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In response to the new, much more rigorous SAT Essay, the ACT is stepping up their essay for the Fall of 2015.  It is no surprise that the ACT is making such a change to the writing section, given that the ACT and SAT try to keep up with one another as far as testing rigor.  Here is a link to a new official practice ACT writing prompt:

What is remaining the same with the new ACT Essay?

  • It will still be optional.  Most colleges will want students to take it, but not all.
  • It will still be a single prompt.
  • It will still be scored between 2 and 12.
  • It will still NOT impact the overall 1-36 composite ACT score, but will be reported on the general score report.
  • It will continue to be a test of general writing and critical thinking ability–students will not need to have any specific background knowledge to respond.

What is changing with the new ACT Essay?

  • Students will be encouraged to gather their thoughts and pre-write more in-depth.  There will be a separate pre-writing sheet for this purpose.
  • The essay prompts will move away from the school & current event focus they currently have and shift more towards more general intellectual questions.
  • Students will have to evaluate three different perspectives on the topic.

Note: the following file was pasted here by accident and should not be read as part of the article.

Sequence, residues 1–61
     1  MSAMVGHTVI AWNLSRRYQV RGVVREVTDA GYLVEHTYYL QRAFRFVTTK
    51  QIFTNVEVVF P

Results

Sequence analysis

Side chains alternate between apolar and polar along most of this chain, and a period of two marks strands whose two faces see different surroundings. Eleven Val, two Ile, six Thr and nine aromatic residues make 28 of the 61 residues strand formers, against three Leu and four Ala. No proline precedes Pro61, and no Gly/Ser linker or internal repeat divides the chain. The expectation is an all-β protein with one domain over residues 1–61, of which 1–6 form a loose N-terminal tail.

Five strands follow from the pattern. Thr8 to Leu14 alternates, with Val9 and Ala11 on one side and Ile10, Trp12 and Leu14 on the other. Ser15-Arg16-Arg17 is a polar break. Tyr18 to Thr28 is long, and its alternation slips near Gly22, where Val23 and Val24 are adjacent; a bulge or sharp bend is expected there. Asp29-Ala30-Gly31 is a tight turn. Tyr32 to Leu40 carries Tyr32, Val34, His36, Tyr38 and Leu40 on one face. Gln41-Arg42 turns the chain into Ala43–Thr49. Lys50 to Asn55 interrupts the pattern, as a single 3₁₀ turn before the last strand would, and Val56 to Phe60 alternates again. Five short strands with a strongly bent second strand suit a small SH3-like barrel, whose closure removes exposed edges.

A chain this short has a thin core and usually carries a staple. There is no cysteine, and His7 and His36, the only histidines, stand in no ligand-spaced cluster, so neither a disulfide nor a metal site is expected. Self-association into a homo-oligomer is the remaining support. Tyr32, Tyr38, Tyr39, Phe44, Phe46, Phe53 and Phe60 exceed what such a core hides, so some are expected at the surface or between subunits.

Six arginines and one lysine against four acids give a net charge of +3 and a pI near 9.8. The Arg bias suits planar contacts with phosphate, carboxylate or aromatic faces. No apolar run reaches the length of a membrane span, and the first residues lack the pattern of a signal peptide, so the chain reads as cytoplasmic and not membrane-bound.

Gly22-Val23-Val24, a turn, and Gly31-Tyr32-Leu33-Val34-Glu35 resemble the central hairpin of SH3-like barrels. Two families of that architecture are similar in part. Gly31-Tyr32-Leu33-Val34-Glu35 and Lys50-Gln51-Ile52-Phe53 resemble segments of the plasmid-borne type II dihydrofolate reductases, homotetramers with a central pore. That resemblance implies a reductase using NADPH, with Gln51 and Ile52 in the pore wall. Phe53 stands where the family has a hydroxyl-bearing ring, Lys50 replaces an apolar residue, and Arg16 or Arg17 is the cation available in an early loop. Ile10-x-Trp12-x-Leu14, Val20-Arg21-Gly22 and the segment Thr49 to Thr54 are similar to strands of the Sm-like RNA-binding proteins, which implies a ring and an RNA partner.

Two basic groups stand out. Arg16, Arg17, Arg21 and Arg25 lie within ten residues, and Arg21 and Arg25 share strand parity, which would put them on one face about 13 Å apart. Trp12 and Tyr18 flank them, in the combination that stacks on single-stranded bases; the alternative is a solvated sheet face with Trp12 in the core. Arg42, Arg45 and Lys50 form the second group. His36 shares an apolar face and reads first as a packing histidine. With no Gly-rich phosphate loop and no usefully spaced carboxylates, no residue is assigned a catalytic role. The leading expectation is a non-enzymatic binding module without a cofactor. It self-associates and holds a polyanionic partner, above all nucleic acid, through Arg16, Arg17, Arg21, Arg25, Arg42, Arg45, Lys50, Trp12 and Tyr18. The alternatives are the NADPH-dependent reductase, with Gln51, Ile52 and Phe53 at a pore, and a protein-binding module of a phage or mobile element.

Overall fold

• Students will receive more comprehensive scoring.  In addition to the 2-12 overall score, they will receive scores in the following sub-domains:  ideas and analysis, development and support, organization, and language use.
  • We do not yet know how long the new ACT Writing test will be.  I would imagine it will be in the 40-50 minute range as opposed to the current 30 minutes.  We should find this out in the coming months.

What can students do to prepare for the new ACT Writing test?

Work on their analytical writing skills by engaging in intellectual dialogue and argumentation, both spoken and written.  Students will be expected to do the following critical thinking tasks on the new essay:

  • Evaluate and analyze different perspectives.
  • State and develop their own perspectives.
  • Explain the relationship between their perspective and the perspectives provided in the prompt.

The more comfortable students become with being able to articulate their viewpoint and analyze the viewpoints of others, the easier this writing task will be.